Brain Matters: Ongoing Conversation About the Brain
Many in our congregation and families are experiencing life changes related to brain challenges due to illness, injuring, aging, etc. We will learn about the brain and its functions and together devise ways that we can help patients and caregivers face these challenges as a community. Join Rabbi Edwards to begin studying challenges to the brain. Thursday, May 2, 7:30pm — 9:30pm
Here are some of the new discoveries about the brain and its psychological function over the past year:
1. Receiving a Compliment has Same Effect as Receiving Cash
Compliments may not pay the rent, but according to new research, they help improve performance in a similar way to receiving a cash reward. ”To the brain, receiving a compliment is as much a social reward as being rewarded money. We’ve been able to find scientific proof that a person performs better when they receive a social reward after completing an exercise. Complimenting someone could become an easy and effective strategy to use in the classroom and during rehabilitation.”
2. How Stress Damages Your Mental Health
Research by Dipesh Chaudhury of the Mount Sinai School of Medicine in New York shows that traumatic events appear to cause depression by derailing the brain’s so-called reward system, which normally causes pleasurable feelings whenever we engage in fun activities like spending time with friends. People who have suffered major stress, such as soldiers returning from combat, often report that they no longer find pleasure in these things.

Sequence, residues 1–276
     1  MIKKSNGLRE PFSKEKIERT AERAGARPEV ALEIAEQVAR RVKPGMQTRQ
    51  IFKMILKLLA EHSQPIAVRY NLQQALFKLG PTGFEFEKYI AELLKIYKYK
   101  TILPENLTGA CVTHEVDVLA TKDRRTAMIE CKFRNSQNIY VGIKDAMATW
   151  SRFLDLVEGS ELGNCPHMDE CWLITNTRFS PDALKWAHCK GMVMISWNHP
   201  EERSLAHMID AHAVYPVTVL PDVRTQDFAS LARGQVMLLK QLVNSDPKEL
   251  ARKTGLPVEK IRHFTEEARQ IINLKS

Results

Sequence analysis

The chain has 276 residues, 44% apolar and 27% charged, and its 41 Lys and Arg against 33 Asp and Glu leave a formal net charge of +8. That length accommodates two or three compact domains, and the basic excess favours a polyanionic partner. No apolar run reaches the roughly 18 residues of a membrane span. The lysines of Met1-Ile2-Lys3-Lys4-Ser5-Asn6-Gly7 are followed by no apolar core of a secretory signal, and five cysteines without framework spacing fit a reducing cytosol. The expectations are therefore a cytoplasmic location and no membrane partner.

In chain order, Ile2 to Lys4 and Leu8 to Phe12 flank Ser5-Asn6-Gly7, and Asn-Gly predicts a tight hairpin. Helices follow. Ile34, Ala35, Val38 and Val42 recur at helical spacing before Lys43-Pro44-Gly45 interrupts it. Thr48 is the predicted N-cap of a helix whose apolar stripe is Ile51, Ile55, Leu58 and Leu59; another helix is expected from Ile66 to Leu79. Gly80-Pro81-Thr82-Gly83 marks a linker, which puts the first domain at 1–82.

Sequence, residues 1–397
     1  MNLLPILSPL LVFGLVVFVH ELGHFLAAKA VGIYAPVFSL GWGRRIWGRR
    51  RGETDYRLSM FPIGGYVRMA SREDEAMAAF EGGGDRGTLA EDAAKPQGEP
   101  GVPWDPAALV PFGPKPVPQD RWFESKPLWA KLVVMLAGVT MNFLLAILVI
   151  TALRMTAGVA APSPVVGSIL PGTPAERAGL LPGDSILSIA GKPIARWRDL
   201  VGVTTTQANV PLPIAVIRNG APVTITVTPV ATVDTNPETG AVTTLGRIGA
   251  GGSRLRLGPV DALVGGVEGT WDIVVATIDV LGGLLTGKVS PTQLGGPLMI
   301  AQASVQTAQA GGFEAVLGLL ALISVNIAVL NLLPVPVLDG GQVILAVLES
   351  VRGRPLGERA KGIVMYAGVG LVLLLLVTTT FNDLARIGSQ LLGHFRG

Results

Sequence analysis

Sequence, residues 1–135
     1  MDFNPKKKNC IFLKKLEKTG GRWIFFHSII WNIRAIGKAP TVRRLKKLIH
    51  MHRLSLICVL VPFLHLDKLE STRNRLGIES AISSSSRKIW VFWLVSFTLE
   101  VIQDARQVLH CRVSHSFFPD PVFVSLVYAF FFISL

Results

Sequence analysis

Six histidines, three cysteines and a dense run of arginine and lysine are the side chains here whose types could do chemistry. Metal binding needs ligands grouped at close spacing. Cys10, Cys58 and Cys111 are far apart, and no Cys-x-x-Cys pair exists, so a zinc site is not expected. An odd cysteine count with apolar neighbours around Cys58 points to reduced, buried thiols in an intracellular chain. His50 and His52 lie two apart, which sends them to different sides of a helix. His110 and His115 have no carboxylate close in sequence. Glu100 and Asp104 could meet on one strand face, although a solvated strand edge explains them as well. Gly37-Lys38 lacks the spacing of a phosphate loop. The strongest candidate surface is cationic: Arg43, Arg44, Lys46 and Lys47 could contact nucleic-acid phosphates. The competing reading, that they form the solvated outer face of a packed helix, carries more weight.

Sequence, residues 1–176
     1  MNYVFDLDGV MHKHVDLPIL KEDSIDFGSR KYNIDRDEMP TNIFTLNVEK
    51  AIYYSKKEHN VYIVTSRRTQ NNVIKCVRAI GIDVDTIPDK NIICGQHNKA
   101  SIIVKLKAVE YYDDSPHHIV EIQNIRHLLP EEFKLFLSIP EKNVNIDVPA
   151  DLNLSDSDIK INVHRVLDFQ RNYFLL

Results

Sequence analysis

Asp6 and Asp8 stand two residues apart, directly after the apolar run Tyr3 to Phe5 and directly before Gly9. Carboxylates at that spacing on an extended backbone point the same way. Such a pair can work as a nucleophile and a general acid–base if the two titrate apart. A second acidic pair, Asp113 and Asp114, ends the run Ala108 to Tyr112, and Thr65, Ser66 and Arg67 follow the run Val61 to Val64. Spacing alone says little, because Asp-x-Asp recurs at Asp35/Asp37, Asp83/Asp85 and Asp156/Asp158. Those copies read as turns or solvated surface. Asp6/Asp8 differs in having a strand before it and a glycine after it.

Mice respond in a similar way to traumatic events, Chaudhury says. And his research shows that this response can be prevented by reducing the activity of certain brain cells involved in the reward system. [Source: NPR, October 15, 2012] A drug causing a similar outcome could eventually be effective in humans.
3. How Your Brain Could be Keeping You Fat
A recent study has uncovered a new part of the brain that, at least in mice, shows positive signs of neurons growth: the hypothalamus, associated with body temperature, metabolism, sleep, hunger, thirst and a few other critical functions.
Researchers from the Department of Neuroscience at the Johns Hopkins University School of Medicine injected mice with a chemical that incorporates itself into newly dividing cells. They found that the chemical appeared in rapidly proliferating cells called tanycytes in the hypothalamus, and further tests confirmed that the tanycytes specifically produced new neurons and not other types 0f cells.
The research team then wanted to find out what these neurons do, so they studied the new hypothalamus neurons in mice that had been fed a high fat diet since birth. Since the hypothalamus is associated with hunger and metabolism, the team speculated that the neurons may be linked in some way to weight gain. Turns out, they were right
Please RSVP to the Rabbi at firstname.lastname@example.org and let her know if you would like to suggest a specific brain-related topic. Future dates: May 2 and June 6.